Series: Smythe-Smith #4
Published by Avon on January 27th 2015
Genres: Historical Romance
Source: gift, purchased
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Also by this author: Romancing Mr. Bridgerton, Because of Miss Bridgerton
Sir Richard Kenworthy has less than a month to find a bride. He knows he can't be too picky, but when he sees Iris Smythe-Smith hiding behind her cello at her family's infamous musicale, he thinks he might have struck gold. She's the type of girl you don't notice until the second—or third—look, but there's something about her, something simmering under the surface, and he knows she's the one.
Iris Smythe–Smith is used to being underestimated. With her pale hair and quiet, sly wit she tends to blend into the background, and she likes it that way. So when Richard Kenworthy demands an introduction, she is suspicious. He flirts, he charms, he gives every impression of a man falling in love, but she can't quite believe it's all true. When his proposal of marriage turns into a compromising position that forces the issue, she can't help thinking that he's hiding something . . . even as her heart tells her to say yes.
Sir Richard Kenworthy is in need of a wife – and not for any of the ordinary reasons. No, Sir Richard’s need is quite unusual – and rather urgent. Unluckily (or perhaps luckily?) for her, his eye falls upon Iris Smythe-Smith.
Julia Quinn is known for blending humor and real feeling in her books. In The Secrets of Sir Richard Kenworthy, she leans more toward emotional depth, though her usual witty dialog and flashes of humor still appear. Sir Richard’s worry, guilt, and dread over Iris’s eventual reaction ring very true. Iris’s growing hurt and bewilderment over her husband’s inconsistent behavior made my heart ache in sympathy. But at the same time, there are some delighfully funny moments, particularly a performance of a play written by Iris’s cousin Harriet and featuring her indomitable younger cousin Frances as (what else?) a unicorn. (Fans of the series already know of Frances’s obsession with the mythical creatures.) I chuckled through the whole scene. And of course, the annual Smythe-Smith musicale is always entertaining to read about – though perhaps less so to attend! There’s also a ferocious confrontation between Iris and one of Richard’s sisters that had me laughing out loud. But on the whole, the couple’s sometimes fraught relationship dominates the novel.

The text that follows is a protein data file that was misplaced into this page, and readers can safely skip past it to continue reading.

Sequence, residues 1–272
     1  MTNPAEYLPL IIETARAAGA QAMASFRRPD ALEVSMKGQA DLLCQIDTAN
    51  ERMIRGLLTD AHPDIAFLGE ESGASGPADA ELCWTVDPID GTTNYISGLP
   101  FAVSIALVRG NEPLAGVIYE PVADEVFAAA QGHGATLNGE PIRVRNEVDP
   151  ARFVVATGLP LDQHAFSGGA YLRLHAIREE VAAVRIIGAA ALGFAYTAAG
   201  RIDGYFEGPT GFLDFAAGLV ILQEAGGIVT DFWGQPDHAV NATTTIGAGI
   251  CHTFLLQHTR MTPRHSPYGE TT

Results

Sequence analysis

Which is fine, because despite Richard’s actions, I liked and sympathized with both him and Iris. Richard really is a good man (if a bit too determined for his own good), and Iris is a caring, intelligent young woman with a bit more of a temper than she thinks she has — and a deep sense of family love and loyalty. Both of them want their marriage to work, and their growing feelings for each other alleviated some of the tension for me as I read, while still leaving me anxious to find out what was going on and what would happen next. I’m trying very hard not to give anything away, but let me just hint that Richard’s motives are understandable and his intentions good — which just makes the whole thing more of a tangled mess. It’s a good thing I trust Quinn to bring everything to a satisfying close. Even so, The Secrets of Richard Kenworthy kept me turning the pages long into the night.
Reading this book contributed to these challenges:
- Historical Romance Reading Challenge 2015